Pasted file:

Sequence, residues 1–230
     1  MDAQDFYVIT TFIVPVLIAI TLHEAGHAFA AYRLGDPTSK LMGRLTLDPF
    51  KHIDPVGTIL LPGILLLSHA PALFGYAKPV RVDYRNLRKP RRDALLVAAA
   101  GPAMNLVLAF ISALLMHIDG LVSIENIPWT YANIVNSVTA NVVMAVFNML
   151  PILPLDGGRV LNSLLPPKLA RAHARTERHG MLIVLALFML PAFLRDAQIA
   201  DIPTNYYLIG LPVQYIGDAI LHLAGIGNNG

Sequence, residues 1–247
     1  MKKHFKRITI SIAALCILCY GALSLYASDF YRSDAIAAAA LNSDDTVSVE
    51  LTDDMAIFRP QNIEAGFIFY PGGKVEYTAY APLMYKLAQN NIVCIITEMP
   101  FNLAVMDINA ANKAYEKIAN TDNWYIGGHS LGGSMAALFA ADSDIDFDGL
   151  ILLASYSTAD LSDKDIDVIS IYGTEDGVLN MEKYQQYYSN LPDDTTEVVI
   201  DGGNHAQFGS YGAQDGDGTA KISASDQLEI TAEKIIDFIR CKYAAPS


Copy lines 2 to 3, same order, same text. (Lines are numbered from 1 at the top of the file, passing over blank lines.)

     1  MDAQDFYVIT TFIVPVLIAI TLHEAGHAFA AYRLGDPTSK LMGRLTLDPF
    51  KHIDPVGTIL LPGILLLSHA PALFGYAKPV RVDYRNLRKP RRDALLVAAA